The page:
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Changing Diets, Changing Minds
Tuesday, 24 January 2006

The food campaign group Sustain ( the alliance for better food and farming ) and the Mental Health Foundation have produced an excellent report, Changing Diets, Changing Minds, looking at the link between poor diet and mental health.

The report covers issues such as ADHD, depression and Alzheimer's disease and is well referenced with reputable clinical research.

The link is firmly established that diet can significantly influence mental health.

The whole report can be down loaded via www.sustainweb.org

 

Source: Nutrition Review January 2006

 
Beetroot - the new "mood food"
Tuesday, 24 January 2006

Beetroot with its intense purple colour has long been established as an important source of antioxidants, making it an increasingly  popular choice with consumers.  Sales figures for this distinctive vegetable have apparently doubled over the past year.

Research has also indicated that beetroot contains betaine, a compound thought to relax the mind and help with depression.

 

Source: Nutrition Review January 2006

 
Fat Intake Influences Cognitive Function
Wednesday, 02 November 2005

A retrospective trial has shown that a high intake of PUFA's ( polyunsaturated fatty acids ) may help school-aged children perform better on key cognitive functioning tests ( digit span test ).

Total fat and saturated fat intakes were unrelated to measures of cognitive and psychosocial functioning, but an increased intake of cholesterol may be associated with a poorer performance of the digit span test.

 

SOURCE: Food and Behaviour research (www.fabresearch.org ) November 2005

 
Eating Fish Makes Brainy Babies
Friday, 14 October 2005

A recent study, by Harvard University, has shown that babies born to mothers who ate plenty of fish during pregnancy perfomed better in cognitive functioning tests at age 6 months.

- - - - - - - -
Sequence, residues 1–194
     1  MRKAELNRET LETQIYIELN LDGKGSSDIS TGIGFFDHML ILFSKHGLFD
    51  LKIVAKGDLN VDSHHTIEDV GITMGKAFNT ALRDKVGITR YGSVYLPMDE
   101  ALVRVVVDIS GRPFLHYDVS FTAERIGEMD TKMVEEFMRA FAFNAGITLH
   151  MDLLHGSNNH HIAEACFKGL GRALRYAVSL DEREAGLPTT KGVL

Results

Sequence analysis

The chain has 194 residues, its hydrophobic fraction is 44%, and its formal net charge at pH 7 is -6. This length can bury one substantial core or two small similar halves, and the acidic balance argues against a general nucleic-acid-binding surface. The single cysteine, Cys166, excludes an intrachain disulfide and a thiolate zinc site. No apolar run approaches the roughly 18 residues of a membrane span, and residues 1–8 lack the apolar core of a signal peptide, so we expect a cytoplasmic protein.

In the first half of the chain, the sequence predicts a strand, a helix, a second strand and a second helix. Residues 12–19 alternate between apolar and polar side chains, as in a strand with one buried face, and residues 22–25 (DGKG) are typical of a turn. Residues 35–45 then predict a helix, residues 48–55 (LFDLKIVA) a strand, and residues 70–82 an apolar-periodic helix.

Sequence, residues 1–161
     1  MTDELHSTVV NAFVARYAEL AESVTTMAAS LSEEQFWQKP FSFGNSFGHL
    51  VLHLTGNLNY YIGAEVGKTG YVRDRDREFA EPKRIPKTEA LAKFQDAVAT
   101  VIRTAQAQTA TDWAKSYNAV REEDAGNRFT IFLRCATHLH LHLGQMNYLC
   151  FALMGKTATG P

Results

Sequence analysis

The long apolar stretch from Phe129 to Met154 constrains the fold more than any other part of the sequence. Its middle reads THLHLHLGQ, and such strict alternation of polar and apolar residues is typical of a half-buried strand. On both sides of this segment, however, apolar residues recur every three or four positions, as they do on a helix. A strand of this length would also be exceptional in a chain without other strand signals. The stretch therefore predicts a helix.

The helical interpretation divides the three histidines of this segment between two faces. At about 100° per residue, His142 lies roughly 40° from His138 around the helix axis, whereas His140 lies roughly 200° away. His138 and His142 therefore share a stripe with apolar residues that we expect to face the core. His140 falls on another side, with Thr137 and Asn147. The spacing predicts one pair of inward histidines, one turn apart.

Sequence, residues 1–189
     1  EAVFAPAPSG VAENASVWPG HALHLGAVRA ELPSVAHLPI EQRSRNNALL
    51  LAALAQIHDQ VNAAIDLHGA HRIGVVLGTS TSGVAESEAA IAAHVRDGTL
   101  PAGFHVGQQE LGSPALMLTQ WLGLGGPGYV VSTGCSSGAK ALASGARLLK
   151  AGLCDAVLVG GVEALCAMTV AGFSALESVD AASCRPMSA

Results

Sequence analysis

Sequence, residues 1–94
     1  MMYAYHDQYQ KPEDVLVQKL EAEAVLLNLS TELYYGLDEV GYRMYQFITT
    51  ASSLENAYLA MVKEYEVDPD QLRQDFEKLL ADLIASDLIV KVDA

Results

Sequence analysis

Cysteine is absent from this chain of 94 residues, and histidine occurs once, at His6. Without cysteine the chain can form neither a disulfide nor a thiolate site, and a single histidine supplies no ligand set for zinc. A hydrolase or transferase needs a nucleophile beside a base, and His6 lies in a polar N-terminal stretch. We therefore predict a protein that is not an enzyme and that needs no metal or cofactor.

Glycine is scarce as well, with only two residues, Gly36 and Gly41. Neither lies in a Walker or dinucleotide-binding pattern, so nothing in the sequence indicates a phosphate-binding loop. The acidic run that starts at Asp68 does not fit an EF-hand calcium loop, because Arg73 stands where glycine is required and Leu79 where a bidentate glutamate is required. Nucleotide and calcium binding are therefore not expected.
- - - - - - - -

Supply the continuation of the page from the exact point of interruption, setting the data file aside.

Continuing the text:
These tests correlate to IQ in later life. It is suggested that fish contains high amounts of beneficial nutrients, particularly the omega 3 fats which may play a critical role in neurocognitive development.

The study also measured the levels of mercury found in the women and found that the infants who scored highest on cognitive tests were those whose mothers ate more fish but had low levels of mercury (hair analysis).

Current recommendations do caution pregnant women about the risk of pollutants found in fish, such as  mercury and PCB's, advising them to limit their intake of oily fish ( 2/ week) and to avoid swordfish, shark or marlin.

This new research concludes that the optimum benefit is associated with consumption of fish that are high in omega 3 fats but have lower levels of mercury, such as salmon, mackerel and sardines.

If you need more advice on what to safely eat during pregnancy, please contact This email address is being protected from spam bots, you need Javascript enabled to view it

You may also find the faq section useful (' what about the toxins found in fish ?' ).

Source: Food and Behaviour Research website www.fabresearch.org

Updated October 2006 

 
Sleep Deprivation & Attention Disorders
Friday, 16 September 2005

An article in The Guardian newspaper recently outlined the growing concern that a proportion of children diagnosed with attention deficit and hyperactivity disorder ( ADHD) may actually be suffering from sleep deprivation.

Apparently, a recent study has shown that reducing children's sleep from 10 to 9 hours a night had a marked effect on working memory and verbal task ability, in addition to making children irritable and 'oppositional'.  Stephen Sheldon, Director of the Sleep Medicine Centre at Chicago's Chidren's Memorial Hospital reckons that as many as 30% of children have been wrongly diagnosed.  However, many doctors believe that disordered sleep is a consequence of ADHD, not a cause of it.

The association between sleep and attention disorders is strong but which is the cause and which is the effect remains unclear.

( Source: The Guardian July 2005 )

 

 
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